On the 2nd of May (2008) Iron Man was released to a hungry comic book audience. Kicking off what was soon to become Marvel’s ‘Phase One’ in their vision of building an epic cinematic universe, the newly created studio wouldn’t stop there, instead bringing us The Incredible Hulk (2008), Thor (2011) and Captain America (2011) in the subsequent years that followed. Soon after the introduction of what many regarded as Marvel’s B-List Superheroes, the studio doubled-down by giving us a team-up story in the form of Joss Whedon’s Avengers Assemble in the summer of 2013 which would not only mark the end of Marvel’s Phase One but also a new shift in marketing direction after becoming a part of the Walt Disney conglomerate.
What had started as Marvel Studios clear intention of tapping into the ‘summer market’ soon shifted focus intotwo dedicated release windows per year as the MCU headed into its Phase Two. In the year following Whedon’s Avengers, Iron Man 3 and Thor: The Dark World’s Summer and Autumn release structure would demonstrate Disney’s confidence in their newly acquired product, believing that Marvel fans would happily see two superhero films a year no-matter when they fell. The Mickey Mouse Pioneers at Disney would of course be proven right with Thor’s November 8th release window showing a healthy box office return of $139.4 Million overall and surpassing its predecessor after just 19 days of release.
But even though the proverbial ‘House of Mouse’ were happy in making a change, the change wouldn’t prove permanent as only two of its fifteen currently released films (as of writing) are scheduled for release later in the calendar year. Showing that even though a known commodity such as the Marvel Cinematic Universe doesn’t necessarily need the Summer months to gain traction, Disney and Marvel are happy to flood the market each and every year regardless.
To say that Marvel (and DC to a certain degree) don’t have the right to a Summertime release window is, of course, absurd. What I am accreting to the Superhero Genre, however, is the quagmire in which the ‘Summer Blockbuster’ must tread as result of both the genre’s success and its failings. Speaking as a comic book fan: I recognise that the genre has spawned notable cinematic efforts that transcend the oft-thought ‘trashy’ label attached to the genre; but while Marvel’s mainstream appeal certainly strikes a chord with fans, audience expectations – or realisations – of what Superhero films represent are not one of the same.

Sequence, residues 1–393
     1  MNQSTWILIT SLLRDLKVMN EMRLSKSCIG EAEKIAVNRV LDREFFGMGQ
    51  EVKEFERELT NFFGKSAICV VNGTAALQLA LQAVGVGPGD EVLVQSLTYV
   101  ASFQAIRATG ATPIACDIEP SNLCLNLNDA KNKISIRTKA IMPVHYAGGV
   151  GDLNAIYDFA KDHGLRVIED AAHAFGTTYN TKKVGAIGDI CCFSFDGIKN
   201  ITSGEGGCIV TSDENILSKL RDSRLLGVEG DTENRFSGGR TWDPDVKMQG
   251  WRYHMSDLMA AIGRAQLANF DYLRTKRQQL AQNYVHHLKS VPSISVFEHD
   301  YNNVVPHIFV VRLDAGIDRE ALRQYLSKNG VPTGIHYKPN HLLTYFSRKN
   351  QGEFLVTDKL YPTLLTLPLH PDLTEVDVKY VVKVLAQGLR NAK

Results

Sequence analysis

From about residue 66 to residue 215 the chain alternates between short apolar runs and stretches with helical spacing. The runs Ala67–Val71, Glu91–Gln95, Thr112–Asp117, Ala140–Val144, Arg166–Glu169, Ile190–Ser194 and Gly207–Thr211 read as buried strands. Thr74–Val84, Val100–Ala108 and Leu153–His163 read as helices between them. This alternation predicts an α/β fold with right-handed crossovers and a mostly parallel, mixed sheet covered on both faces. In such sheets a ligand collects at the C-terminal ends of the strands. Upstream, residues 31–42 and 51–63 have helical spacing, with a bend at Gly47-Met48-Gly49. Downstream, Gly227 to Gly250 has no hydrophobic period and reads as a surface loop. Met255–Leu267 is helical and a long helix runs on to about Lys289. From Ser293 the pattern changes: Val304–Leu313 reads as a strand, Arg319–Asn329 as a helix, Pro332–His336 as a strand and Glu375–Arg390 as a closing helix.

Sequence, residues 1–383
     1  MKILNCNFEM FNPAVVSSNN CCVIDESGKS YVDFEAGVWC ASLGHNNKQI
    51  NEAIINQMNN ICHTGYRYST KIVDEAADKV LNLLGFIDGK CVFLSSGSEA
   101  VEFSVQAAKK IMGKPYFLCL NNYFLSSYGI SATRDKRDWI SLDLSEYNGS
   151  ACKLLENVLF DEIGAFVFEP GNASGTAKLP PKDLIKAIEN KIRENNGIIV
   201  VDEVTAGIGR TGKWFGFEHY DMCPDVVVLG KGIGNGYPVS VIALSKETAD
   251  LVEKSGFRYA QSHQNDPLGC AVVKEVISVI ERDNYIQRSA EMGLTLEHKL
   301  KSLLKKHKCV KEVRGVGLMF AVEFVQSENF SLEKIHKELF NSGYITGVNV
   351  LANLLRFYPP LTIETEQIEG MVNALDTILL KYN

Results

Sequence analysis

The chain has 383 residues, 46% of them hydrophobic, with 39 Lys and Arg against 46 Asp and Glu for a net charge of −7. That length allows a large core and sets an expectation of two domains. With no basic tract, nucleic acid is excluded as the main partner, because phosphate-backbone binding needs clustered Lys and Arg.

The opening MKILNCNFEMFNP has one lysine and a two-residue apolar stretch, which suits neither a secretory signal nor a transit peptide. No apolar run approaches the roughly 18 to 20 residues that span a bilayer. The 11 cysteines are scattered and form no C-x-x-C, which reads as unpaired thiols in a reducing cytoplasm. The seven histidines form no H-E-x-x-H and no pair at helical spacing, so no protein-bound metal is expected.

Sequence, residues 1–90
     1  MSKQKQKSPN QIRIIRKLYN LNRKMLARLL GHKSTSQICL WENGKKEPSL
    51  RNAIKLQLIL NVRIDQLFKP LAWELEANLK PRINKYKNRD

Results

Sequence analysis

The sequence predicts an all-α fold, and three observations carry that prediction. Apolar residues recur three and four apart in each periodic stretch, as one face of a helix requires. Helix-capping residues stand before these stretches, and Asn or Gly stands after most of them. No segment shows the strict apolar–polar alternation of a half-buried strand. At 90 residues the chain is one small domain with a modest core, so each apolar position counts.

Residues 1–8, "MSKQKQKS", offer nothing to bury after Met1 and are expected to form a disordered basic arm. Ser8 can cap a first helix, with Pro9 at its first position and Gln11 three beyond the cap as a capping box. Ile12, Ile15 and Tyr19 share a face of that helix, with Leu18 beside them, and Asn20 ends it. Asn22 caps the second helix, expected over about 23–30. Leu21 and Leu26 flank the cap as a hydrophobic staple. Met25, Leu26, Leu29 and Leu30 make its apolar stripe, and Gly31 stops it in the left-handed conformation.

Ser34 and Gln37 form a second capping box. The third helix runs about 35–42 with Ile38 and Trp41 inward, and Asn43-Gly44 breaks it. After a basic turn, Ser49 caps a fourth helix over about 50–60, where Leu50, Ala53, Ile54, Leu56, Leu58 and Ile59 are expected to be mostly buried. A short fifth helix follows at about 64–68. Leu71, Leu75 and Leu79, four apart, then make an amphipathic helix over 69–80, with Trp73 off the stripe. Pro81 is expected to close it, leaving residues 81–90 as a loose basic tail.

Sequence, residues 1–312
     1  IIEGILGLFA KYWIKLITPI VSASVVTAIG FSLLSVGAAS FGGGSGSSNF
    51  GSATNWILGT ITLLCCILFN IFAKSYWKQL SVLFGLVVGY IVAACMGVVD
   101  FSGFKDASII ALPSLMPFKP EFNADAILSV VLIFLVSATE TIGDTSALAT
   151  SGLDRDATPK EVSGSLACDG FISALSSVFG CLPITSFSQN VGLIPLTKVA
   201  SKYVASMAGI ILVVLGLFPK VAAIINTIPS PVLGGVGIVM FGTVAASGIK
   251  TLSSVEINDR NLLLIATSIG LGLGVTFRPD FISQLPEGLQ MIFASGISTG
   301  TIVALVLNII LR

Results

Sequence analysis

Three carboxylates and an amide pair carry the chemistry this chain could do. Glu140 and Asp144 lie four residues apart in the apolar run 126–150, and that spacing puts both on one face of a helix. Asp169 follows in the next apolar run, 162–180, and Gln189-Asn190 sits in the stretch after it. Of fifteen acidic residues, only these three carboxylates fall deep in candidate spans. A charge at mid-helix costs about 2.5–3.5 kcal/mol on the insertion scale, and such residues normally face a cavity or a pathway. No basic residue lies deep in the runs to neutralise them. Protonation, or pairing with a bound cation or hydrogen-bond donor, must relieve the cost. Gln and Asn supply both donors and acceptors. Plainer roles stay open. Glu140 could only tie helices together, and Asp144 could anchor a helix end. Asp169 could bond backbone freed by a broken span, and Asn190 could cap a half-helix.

My argument that the Superhero genre is killing the Summer Blockbuster assumes that audience expectations are stifling other forms of entertainment that do not deal with notable Marvel or DC characters. To say that I would like the Superhero Genre to disappear would be a false equivalency as I believe that I can enjoy other forms of films alongside it and appreciate them in their own right. What I see as a problem, however, is over-familiarity with the tropes that are used in the superhero genre becoming solely credited to these movies, so while other films use tactics such as the ‘Universe building’ – as seen and lamented in Cruise’s latest Summer Blockbuster – audiences and critics alike will harshly lambast the film and yet give Superhero films a pass.
Familiarity with story, themes and tropes aren’t the only problems when you flood a single market; often it falls on customers to pick and choose when it comes to what films they want to see or indeed take their children to watch. With big brands such as DC and Marvel hogging the limelight, you can’t blame a parent for taking their kid to watch the big, colourful exploits of StarLord and the gang over yet another Pixar or Dreamworks animation that may not necessarily appeal to an older demographic. The problem is however if you dig a little deeper into what Superhero films offer it’s often the same story with a different gloss of paint. Is that a bad thing if you enjoy it? No – so why should you be made to feel stupid if you enjoyed the latest Independence Day sequel even-though it was a basic retread of the original… because there were no people flying around in capes in it?
When it comes to choosing the next film you see at the cinema, personal preference will always win the day and determine whether or not you deem the movie worthy of your time. It’s not my place to tell anyone how they should enjoy a film. I only hope that we can come to an understanding that not all movies are trying to be the next The Godfather or – in the case of Superhero films – Dark Knight Rises.
It’s fine to just enjoy a simple piece of filmmaking for what it is: Dumb, loud and fun.